“Tales” still offers stray joys, especially when Riley comes up with a vampy blues or rock number – here happily arranged by his son Gyan Riley. Guitarist Mark Stewart took on vocal duties as Riley has been in Japan since the beginning of the pandemic. (He made a brief appearance in the form of a live, light-hearted video introduction.)

In the last hours of the line-up on Saturday, listeners were able to move from a short set by rising star Nathalie Joachim (sings and plays the flute on excerpts from her acclaimed album “Fanm d’Ayiti”) to a concert of Pandemic Solos, that of Bang. was commissioned to sprint on a can for his virtual marathons during the pandemic.

I couldn’t stand hearing these live streamed marathons right now. I tried, but the cluttered audio – inevitable with artists streaming from so many places – was recorded as microtragedies that distracted from the works themselves. I told myself I would hear some of these in the future; and i have on saturday.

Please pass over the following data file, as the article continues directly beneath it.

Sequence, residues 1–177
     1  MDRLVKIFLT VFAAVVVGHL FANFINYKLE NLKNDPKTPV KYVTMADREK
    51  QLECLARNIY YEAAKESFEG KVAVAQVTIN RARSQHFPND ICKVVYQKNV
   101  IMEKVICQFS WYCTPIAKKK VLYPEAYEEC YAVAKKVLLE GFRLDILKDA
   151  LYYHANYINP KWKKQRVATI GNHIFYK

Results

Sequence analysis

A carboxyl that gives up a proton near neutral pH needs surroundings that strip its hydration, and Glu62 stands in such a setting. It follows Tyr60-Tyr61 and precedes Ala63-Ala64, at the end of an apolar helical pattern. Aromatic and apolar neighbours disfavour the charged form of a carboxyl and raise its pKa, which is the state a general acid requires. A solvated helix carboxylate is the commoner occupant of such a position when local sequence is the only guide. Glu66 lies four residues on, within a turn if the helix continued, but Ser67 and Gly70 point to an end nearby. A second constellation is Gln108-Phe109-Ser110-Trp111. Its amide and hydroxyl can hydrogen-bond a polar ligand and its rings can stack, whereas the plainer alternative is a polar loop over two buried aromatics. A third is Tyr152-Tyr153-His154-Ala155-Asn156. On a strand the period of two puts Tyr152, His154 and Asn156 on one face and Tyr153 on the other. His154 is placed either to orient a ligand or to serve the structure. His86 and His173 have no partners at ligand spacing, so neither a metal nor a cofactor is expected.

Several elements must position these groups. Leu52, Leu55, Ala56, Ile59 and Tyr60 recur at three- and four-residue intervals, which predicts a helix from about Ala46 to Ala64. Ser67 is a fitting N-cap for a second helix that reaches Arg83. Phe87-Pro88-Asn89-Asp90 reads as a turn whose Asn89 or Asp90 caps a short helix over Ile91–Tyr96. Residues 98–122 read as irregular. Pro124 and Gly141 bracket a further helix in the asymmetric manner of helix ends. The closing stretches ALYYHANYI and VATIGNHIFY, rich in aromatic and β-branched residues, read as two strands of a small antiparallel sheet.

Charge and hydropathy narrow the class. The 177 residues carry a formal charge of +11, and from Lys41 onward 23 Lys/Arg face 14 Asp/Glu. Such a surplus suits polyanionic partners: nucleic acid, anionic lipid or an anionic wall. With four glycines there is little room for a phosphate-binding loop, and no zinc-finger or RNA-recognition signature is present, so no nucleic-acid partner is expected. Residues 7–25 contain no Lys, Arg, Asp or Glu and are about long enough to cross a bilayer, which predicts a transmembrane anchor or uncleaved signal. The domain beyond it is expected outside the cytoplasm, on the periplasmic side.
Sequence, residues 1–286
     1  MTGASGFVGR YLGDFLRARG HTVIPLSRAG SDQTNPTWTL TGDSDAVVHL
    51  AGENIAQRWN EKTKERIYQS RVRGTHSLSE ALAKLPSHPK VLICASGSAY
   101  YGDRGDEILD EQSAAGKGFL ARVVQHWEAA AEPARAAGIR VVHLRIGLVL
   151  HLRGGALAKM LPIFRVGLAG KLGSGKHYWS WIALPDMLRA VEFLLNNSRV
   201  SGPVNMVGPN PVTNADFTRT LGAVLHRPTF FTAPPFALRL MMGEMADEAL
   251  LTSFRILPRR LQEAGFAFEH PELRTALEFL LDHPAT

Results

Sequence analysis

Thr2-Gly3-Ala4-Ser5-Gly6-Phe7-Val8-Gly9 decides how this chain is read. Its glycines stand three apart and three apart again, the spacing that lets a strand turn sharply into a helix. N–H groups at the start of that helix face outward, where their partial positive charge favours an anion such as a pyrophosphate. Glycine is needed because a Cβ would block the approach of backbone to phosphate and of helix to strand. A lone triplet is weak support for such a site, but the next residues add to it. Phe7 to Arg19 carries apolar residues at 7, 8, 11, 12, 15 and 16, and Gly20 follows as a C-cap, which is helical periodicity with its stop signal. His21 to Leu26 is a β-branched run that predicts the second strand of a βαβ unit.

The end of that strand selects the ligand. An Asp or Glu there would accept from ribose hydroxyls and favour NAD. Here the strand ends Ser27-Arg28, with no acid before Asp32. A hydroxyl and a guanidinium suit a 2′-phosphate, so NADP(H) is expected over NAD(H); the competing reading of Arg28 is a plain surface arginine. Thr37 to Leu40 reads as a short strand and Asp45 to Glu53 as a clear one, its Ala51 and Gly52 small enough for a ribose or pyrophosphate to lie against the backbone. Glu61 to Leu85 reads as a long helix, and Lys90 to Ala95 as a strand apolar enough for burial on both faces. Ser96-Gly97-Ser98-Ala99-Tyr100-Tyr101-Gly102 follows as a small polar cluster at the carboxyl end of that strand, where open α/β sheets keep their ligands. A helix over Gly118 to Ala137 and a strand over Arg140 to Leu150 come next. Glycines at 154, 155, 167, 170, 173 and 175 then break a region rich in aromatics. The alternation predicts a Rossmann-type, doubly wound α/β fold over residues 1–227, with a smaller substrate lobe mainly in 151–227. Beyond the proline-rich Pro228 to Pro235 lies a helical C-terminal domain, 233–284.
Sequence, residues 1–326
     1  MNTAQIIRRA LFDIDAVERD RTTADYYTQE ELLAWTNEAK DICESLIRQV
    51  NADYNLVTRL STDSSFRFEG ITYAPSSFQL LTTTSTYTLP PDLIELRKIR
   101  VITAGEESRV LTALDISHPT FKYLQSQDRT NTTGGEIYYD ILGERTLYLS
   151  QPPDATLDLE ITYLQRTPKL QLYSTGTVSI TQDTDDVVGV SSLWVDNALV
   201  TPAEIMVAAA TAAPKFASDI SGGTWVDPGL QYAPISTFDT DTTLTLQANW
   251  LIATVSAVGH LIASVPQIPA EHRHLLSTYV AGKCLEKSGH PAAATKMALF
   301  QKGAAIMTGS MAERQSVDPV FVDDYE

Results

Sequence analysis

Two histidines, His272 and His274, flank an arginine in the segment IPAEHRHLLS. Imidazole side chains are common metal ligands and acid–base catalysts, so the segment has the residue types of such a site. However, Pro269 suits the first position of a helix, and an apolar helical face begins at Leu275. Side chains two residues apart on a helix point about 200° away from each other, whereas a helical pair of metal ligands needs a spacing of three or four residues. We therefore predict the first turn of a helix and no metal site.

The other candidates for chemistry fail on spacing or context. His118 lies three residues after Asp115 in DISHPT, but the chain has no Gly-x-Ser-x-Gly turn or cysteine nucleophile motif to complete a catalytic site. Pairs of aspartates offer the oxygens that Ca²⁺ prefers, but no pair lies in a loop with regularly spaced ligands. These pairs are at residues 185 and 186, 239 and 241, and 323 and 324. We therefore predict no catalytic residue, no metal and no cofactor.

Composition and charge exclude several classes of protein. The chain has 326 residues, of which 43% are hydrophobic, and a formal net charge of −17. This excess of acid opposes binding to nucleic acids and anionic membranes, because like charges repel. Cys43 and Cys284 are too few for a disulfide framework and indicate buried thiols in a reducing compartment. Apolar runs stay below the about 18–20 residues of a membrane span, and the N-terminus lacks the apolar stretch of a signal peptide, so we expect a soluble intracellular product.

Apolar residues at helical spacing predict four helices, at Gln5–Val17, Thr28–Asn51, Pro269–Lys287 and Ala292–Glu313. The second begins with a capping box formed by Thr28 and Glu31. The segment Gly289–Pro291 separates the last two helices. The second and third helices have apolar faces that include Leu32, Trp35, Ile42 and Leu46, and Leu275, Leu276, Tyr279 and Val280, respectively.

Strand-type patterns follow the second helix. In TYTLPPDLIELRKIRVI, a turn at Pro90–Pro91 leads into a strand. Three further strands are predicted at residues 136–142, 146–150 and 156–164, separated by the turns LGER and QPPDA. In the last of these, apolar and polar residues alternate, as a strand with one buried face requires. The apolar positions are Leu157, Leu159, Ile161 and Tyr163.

A series of works for all-star bassist Robert Black opened the day, including Maria Huld Markan Sigfusdottir’s haunted, creepy “pending”. And after Joachim’s set, I heard a trio of burning and distinctive pieces by Aeryn Santillan, Rudresh Mahanthappa and Anna Clyne, all written for Thomson.

This is a secret strength of Bang on a Can. It attracts audiences with big names. But when the Legends disappoint in any given hour, as Riley did, there’s always the next set – and the next generation – to save the day.